Imberty, Michael, and Maya Gratier. “Narrative in Music and Interaction Editorial.” Musicae Scientiae 12.1 Suppl (2008): 3-13. PsycARTICLES. Web.

This article speculates on the definition of narrative, and about wordless narrative, including music.  The author also focuses on the musicality in communication, including gestures and speech, and the temporality of both narrative and music.

 

Klein, Michael Leslie, and Nicholas W. Reyland. Music and Narrative Since 1900. Bloomington: Indiana UP, 2013. Print.

This book focuses directly on the connection between music and narrative, especially in recent years, and seeks to challenge the claim that some modern music has lost its narrative.  The book looks at the phenomenon of narrative and music over time, tracking how it has changed, and the effect of other types of narrative on contemporary music and musical narrative.  There are also many different analyses of various pieces presented in this book, which display musical narrative at work.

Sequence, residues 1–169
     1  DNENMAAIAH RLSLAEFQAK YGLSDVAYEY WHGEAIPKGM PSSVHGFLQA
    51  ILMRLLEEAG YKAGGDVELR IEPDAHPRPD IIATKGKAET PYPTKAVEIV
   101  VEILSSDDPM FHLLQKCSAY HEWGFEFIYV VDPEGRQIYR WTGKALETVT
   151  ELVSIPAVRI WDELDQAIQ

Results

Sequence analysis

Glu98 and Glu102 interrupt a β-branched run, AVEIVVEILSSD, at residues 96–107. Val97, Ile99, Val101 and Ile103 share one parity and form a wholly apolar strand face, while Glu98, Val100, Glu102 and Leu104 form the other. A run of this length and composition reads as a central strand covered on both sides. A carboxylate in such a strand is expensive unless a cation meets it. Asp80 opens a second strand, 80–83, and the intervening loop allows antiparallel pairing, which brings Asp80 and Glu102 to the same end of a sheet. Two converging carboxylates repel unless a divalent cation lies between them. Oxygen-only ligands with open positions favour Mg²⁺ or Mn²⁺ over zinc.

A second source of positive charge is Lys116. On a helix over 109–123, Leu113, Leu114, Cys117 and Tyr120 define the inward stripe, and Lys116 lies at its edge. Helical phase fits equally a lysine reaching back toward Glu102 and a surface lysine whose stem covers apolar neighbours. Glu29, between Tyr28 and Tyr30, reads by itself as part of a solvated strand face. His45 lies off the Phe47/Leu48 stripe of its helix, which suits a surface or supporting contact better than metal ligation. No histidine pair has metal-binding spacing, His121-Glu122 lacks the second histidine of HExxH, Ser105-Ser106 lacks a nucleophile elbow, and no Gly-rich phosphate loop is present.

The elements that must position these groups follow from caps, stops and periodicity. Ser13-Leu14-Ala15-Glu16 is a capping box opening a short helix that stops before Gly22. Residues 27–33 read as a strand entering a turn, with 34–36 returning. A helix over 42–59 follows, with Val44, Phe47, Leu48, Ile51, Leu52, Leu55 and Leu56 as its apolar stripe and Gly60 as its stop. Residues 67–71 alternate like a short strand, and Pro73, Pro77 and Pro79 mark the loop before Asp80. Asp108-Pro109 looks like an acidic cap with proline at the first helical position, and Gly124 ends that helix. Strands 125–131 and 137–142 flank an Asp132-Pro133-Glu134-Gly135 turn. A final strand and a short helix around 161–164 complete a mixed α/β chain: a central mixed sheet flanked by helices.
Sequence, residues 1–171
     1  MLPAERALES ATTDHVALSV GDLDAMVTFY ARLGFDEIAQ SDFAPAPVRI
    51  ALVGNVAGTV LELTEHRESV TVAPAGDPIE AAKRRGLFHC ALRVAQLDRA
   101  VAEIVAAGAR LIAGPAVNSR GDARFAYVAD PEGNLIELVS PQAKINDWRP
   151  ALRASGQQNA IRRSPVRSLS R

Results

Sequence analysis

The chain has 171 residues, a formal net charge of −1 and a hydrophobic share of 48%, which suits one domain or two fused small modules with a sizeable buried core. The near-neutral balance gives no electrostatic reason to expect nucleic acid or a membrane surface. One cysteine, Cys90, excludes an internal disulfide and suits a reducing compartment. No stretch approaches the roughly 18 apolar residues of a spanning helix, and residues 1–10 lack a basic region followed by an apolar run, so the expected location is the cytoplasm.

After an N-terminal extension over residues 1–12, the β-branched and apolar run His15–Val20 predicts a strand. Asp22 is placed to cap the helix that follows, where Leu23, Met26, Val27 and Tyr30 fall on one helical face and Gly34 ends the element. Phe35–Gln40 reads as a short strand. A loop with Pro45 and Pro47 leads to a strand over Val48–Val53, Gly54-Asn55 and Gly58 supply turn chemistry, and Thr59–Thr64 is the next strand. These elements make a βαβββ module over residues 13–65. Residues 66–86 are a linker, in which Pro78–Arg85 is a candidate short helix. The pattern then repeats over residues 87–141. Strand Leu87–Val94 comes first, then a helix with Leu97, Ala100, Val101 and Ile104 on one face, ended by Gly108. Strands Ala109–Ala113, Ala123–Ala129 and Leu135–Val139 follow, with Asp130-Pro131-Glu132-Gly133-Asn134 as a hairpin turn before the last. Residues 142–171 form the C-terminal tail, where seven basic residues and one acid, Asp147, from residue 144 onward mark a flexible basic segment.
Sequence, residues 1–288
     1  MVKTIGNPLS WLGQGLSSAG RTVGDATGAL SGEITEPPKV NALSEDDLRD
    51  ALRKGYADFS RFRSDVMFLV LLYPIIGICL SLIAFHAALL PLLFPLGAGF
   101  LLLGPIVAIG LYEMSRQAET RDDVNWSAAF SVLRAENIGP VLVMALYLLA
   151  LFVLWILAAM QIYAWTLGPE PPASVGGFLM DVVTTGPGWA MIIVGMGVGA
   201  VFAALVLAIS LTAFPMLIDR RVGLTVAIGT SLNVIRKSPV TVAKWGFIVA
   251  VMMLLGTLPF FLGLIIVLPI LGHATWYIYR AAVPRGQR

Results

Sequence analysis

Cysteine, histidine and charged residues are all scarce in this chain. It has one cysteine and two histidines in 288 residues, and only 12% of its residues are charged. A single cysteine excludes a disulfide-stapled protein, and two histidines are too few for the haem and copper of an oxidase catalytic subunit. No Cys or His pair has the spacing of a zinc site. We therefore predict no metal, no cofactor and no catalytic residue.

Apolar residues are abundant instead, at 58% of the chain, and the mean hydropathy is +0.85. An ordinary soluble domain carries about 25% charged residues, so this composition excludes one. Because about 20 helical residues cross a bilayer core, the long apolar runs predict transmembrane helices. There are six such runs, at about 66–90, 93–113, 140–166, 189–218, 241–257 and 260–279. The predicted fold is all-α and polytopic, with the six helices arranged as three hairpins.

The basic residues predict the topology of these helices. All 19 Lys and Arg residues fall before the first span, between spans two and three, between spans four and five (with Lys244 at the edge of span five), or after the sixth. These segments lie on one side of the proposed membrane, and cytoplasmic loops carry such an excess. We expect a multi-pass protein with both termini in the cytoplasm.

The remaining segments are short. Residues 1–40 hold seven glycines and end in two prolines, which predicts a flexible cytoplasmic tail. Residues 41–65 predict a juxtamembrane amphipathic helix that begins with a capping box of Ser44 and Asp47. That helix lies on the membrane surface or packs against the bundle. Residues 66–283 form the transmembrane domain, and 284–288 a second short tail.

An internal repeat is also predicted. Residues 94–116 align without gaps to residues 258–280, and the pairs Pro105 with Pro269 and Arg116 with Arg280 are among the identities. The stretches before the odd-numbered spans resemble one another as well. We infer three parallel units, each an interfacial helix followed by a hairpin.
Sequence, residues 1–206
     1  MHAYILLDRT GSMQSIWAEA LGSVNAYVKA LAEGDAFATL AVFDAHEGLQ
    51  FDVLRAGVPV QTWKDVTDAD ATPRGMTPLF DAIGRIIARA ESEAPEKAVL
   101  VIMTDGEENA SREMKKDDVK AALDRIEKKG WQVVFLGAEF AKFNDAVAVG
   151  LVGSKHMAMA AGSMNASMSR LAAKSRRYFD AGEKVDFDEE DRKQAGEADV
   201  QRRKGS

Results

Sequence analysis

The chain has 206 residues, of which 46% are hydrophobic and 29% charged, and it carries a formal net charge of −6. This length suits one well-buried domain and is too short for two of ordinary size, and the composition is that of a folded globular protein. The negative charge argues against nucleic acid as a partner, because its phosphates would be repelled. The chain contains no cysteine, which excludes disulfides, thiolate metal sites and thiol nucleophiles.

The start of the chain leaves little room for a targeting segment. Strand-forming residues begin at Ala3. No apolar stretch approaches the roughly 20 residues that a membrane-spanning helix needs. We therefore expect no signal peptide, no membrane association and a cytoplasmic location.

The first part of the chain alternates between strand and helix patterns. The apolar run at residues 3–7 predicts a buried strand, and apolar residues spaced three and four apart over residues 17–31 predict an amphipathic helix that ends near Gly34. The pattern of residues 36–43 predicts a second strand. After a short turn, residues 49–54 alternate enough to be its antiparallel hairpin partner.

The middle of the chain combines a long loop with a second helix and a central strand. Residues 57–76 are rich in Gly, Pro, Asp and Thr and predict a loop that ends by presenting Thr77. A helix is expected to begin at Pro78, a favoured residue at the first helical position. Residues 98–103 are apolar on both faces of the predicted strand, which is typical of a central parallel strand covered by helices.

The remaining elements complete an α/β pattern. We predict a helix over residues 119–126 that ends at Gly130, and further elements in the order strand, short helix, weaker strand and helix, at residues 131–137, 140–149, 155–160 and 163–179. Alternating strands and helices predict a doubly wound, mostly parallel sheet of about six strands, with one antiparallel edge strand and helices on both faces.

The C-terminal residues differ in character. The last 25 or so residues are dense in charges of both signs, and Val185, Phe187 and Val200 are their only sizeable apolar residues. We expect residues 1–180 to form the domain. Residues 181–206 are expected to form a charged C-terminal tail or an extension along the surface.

Malloch, Stephen, and Colwyn Trevarthen. “Brain, Music, and Musicality: Inferences from Neuroimaging.” Communicative Musicality: Exploring the Basis of Human Companionship. Oxford: Oxford UP, 2009. N. pag.Répertoire International de Littérature Musicale. Web.

This article serves as a literature review of studies done with all different kinds of brain scans, seeking to look for commonalities between the processing of music and the processing of language. These studies seem to suggest strong connections and similarities between the two (similar areas of processing, similar patterns), but also slight differences, such as the fact that music is likely to be processed more bilaterally, which suggests that capacity to be affected by music is likely to be innate.  This also provides evidence for the idea that the faculties we use in the cognition of music may help facilitate language acquisition. The studies also provide evidence for the localization of certain parts of music cognition; for example, music activates the areas that generally deal with emotion, as well as many other specific areas.